Update on porcine circovirus and postweaning multisystemic wasting syndrome (PMWS)

Steven D. Sorden, DVM, PhD, Dipl ACVP

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Postweaning multisystemic wasting syndrome (PMWS) is a recently emerged disease of nursery and grower pigs associated with type 2 porcine circovirus (PCV2) infection. A proposed case definition of PMWS requires that a pig/group of pigs have all of the following: 1) clinical signs characterized by wasting/failure to thrive, with or without dyspnea or icterus; 2) histologic lesions characterized by depletion of lymphoid tissues and/or lymphohistiocytic to granulomatous inflammation in any organ, typically lungs and/or lymphoid tissues; and 3) PCV2 within characteristic lesions. Immunohistochemistry and in situ hybridization applied to formalin-fixed tissues are the preferred methods for demonstrating PCV2 antigen or genome, respectively, within PMWS lesions. Since available evidence indicates that PCV2 infection is much more common than PMWS, demonstrating PCV2 exposure via serology or infection via isolation or PCR without localizing PCV2 within characteristic lesions cannot constitute a diagnosis of PMWS. To date, consistent experimental reproduction of severe PMWS has only been accomplished via PCV2-parvovirus or PCV2-PRRSV co-infection. Effective control of PMWS will require an understanding of the viral and nonviral cofactors that enable PCV2, an apparently ubiquitous and generally nonpathogenic agent, to induce PMWS.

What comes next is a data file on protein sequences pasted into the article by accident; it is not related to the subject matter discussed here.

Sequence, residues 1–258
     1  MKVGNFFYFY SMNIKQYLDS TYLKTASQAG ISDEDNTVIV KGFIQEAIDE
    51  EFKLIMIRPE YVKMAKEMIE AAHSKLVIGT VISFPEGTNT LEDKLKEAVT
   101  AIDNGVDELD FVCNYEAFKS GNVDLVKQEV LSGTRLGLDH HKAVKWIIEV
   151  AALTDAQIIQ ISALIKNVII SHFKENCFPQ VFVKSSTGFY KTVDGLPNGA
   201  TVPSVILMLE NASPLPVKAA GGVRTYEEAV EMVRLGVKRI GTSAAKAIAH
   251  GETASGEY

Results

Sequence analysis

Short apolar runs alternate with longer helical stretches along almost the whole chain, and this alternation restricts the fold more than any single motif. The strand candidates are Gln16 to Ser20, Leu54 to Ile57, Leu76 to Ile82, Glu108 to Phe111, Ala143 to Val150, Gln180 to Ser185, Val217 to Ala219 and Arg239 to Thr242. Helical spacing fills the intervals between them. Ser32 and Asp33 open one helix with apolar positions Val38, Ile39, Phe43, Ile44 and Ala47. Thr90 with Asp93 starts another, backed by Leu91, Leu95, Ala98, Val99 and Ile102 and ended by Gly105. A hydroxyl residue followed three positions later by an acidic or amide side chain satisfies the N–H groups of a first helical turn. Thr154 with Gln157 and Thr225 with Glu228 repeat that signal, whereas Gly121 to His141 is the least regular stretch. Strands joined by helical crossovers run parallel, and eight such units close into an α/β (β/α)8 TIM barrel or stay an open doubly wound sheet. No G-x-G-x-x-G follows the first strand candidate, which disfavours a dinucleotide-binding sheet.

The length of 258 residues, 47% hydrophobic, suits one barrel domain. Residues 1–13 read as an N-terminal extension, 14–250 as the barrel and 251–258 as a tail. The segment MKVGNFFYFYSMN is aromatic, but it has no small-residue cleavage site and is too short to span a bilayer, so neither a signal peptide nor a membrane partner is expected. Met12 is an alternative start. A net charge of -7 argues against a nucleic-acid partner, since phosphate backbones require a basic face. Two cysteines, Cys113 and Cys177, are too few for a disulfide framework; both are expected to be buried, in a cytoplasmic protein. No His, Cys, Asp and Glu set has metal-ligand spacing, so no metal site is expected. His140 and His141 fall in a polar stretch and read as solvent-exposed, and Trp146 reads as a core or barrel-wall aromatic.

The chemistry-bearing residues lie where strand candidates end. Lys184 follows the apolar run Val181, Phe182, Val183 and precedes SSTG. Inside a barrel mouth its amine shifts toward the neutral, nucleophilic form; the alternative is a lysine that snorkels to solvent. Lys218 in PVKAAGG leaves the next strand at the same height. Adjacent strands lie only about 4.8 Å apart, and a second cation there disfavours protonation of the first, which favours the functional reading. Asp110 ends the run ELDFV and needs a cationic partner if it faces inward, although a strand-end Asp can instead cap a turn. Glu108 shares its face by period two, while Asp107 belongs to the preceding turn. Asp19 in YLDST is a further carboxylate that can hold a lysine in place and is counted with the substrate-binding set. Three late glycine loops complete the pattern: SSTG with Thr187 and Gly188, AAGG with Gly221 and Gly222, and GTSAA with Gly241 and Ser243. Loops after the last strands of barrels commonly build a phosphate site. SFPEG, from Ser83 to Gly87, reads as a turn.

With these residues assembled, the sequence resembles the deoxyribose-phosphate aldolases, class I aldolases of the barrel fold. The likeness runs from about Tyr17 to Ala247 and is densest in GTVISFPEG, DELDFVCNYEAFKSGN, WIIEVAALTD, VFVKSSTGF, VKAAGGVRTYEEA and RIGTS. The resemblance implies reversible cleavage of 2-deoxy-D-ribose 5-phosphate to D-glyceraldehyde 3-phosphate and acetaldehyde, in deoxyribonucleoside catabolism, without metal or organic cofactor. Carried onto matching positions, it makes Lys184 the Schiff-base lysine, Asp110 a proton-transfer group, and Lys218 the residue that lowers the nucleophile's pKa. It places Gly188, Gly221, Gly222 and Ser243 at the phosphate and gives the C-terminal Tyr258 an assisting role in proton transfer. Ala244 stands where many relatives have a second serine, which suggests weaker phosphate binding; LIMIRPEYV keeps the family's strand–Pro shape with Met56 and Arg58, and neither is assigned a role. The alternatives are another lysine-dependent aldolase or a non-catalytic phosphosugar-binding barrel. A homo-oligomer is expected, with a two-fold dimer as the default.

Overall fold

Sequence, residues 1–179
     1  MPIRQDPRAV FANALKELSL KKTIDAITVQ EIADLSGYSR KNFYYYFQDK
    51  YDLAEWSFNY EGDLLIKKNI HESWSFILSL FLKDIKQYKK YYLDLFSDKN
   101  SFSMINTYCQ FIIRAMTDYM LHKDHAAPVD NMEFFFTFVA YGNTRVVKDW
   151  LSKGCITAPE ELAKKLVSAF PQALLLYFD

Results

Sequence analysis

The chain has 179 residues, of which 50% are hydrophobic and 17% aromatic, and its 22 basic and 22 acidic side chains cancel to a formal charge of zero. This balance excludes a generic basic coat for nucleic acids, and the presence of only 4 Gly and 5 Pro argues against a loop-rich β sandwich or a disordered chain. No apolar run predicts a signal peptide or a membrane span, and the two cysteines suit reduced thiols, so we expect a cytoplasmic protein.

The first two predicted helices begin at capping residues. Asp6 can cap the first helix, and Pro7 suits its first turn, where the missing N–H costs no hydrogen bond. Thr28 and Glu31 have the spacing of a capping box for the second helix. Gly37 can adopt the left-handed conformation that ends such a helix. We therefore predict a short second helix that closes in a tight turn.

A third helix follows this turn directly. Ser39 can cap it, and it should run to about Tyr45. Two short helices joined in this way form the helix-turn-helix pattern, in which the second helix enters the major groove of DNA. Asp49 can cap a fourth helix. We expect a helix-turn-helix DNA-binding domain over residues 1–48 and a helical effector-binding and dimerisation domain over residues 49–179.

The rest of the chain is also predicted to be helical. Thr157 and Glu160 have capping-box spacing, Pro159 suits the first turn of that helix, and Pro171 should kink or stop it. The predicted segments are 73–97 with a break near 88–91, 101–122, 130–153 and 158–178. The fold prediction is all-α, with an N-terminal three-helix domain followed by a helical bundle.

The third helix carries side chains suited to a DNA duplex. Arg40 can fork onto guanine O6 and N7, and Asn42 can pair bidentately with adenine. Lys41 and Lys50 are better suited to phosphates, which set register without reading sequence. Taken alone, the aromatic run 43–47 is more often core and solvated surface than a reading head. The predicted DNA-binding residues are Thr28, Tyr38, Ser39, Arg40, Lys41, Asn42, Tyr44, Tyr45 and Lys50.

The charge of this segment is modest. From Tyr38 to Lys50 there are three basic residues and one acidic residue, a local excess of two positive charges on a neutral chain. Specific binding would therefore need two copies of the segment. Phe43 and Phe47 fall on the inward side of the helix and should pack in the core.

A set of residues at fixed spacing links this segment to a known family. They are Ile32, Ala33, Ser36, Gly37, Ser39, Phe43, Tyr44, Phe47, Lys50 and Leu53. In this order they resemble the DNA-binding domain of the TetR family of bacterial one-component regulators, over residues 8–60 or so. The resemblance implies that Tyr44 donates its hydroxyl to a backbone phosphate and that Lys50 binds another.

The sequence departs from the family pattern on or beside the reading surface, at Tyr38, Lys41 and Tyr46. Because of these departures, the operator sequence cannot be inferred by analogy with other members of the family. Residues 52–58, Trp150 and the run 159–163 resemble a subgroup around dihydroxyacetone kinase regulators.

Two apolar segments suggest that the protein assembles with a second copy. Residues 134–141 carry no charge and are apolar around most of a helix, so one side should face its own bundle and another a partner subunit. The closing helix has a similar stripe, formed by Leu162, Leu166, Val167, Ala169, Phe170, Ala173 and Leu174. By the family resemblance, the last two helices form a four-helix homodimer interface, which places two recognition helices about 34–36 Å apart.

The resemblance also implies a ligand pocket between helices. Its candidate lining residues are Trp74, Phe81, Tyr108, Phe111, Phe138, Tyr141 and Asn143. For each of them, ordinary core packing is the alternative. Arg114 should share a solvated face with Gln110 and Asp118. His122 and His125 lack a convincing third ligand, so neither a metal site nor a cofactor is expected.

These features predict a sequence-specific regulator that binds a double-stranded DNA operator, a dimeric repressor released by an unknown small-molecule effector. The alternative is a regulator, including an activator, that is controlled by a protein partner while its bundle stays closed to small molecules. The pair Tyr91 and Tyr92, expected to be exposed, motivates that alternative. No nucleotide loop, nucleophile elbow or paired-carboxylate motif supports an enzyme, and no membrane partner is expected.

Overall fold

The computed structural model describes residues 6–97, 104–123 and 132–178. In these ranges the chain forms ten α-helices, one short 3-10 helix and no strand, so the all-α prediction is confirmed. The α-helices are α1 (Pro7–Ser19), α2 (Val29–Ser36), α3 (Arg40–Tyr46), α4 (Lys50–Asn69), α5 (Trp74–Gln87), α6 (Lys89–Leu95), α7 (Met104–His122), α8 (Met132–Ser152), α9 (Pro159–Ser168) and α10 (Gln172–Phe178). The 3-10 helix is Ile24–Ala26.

Keywords: postweaning multisystemic wasting syndrome (PMWS), porcine circovirus

RIS citationCite as: Sorden SD. Update on porcine circovirus and postweaning multisystemic wasting syndrome (PMWS). J Swine Health Prod 2000;8(3):133-136.

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